Pennsylvania Governor-elect Tom Wolf made one the pillars of his campaign the passage of a severance tax on extraction of natural gas. After watching weeks of political ads, the time of action will be soon upon us.
Reading Tom Wolf’s campaign site, the details are scant, but his site notes, “If states like Texas, West Virginia, and Oklahoma are able to charge a severance tax on gas extraction to fund key priorities, it’s time Pennsylvania does too.” Tom Wolf proposes a 5% extraction tax that would be used primarily to fund education, transportation infrastructure and renewable energy. This idea is hardly unique, as Ohio is currently considering an extraction tax that may set its rate somewhere between 2.5% to 2.75%.
The Pennsylvania Independent Oil and Gas Association (PIOGA) pointed out on its website in a recent press release that the imposition of this new severance tax likely would invalidate the current impact fee, and this would result in reducing the tax revenue flowing to many municipalities that currently reap a large benefit from this fee, since much of the proposed tax will be earmarked for the purposes previously discussed.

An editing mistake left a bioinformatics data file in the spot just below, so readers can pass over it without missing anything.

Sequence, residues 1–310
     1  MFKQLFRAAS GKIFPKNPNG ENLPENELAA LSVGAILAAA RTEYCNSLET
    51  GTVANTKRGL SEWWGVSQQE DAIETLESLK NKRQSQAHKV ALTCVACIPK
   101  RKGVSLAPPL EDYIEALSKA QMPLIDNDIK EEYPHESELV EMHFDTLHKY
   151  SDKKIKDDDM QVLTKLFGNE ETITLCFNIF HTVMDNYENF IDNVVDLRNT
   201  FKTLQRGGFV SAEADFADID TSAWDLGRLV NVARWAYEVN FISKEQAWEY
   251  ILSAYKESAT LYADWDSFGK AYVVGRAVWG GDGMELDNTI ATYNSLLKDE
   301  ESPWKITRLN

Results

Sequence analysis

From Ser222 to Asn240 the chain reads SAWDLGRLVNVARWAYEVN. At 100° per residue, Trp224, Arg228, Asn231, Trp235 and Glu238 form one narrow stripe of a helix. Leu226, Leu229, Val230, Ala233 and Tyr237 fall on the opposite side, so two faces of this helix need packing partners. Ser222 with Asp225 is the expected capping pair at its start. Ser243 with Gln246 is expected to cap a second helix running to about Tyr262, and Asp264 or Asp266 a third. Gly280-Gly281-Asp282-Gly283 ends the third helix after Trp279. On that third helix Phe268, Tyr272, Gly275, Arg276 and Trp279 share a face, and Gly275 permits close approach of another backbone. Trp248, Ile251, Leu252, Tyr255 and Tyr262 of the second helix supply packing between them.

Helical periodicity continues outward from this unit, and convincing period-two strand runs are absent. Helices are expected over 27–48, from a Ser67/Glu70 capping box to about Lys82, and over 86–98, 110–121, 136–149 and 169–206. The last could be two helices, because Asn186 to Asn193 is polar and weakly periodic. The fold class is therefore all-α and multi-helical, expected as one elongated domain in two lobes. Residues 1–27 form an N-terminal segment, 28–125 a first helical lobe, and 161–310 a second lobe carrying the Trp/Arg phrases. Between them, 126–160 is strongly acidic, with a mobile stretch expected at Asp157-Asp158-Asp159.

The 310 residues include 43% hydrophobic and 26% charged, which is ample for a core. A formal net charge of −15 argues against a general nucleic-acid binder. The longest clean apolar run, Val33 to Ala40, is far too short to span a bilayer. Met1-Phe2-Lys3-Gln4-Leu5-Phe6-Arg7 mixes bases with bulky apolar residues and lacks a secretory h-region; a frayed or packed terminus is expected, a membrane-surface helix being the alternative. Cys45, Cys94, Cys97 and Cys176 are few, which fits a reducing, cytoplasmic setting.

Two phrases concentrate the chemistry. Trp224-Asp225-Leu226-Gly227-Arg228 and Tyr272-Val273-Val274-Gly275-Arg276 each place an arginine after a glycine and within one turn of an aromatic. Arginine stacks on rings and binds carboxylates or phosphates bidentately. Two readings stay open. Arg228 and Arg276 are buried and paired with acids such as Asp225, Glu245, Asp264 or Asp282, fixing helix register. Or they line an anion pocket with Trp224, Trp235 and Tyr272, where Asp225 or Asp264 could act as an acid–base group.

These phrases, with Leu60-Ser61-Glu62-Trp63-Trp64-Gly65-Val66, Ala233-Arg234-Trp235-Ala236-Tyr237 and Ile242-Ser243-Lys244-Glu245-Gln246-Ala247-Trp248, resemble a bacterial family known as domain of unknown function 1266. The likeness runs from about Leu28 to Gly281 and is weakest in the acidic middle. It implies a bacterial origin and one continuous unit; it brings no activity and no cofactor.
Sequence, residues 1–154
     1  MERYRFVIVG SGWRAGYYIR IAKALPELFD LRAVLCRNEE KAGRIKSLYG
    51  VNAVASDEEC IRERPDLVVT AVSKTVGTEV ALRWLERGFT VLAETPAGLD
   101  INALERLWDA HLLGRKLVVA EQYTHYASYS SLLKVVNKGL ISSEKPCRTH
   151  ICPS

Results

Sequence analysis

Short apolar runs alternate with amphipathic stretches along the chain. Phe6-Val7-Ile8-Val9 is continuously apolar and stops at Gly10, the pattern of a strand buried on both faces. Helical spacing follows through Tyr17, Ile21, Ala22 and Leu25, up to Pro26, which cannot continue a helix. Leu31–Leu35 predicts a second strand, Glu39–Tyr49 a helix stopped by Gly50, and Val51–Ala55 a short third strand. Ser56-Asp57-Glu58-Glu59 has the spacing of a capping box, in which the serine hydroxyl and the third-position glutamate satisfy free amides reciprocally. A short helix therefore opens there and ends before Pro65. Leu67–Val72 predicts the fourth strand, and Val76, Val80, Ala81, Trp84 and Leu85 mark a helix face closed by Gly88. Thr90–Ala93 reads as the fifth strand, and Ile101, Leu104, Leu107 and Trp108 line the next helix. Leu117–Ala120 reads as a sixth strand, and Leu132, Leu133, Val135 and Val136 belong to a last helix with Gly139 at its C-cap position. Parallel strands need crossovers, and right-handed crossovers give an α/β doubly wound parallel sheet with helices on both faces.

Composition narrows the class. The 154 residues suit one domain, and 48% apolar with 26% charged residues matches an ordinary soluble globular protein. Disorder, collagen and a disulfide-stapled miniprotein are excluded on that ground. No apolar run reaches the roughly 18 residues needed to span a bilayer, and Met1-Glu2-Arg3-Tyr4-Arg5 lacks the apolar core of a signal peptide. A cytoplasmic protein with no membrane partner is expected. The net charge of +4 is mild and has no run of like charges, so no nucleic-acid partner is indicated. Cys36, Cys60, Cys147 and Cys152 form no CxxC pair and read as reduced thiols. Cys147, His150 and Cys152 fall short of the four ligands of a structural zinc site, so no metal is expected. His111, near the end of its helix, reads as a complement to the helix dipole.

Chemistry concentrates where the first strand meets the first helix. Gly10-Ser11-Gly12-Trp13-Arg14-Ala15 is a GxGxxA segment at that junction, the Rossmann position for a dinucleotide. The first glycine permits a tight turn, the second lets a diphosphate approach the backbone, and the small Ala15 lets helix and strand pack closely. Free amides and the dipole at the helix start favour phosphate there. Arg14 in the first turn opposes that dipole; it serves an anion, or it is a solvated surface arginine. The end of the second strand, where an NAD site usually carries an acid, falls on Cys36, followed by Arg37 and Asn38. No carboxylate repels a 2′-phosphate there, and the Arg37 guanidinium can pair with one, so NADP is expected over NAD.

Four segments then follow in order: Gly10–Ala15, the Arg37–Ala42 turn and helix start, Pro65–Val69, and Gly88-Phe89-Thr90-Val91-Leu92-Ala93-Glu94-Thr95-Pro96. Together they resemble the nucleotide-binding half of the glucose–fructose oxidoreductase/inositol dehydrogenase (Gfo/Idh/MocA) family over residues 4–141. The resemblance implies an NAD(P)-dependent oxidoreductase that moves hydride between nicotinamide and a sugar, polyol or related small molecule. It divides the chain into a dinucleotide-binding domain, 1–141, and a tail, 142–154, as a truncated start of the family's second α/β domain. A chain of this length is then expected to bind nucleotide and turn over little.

What is yet to be defined is how the 5% tax will be calculated, and as a result, many in the natural gas industry are speculating on the impact of this new tax if it is passed. By comparison, West Virginia has had a 5% extraction tax in place for many years; however, all drilling equipment is exempt from the state’s sales tax, providing some relief to drillers.
Stay tuned once the new legislative term starts, as this is sure to be a hotly contested issue.
© 2014 Schneider Downs. All rights-reserved. All content on this site is property of Schneider Downs unless otherwise noted and should not be used without written permission.
This advice is not intended or written to be used for, and it cannot be used for, the purpose of avoiding any federal tax penalties that may be imposed, or for promoting, marketing or recommending to another person, any tax related matter.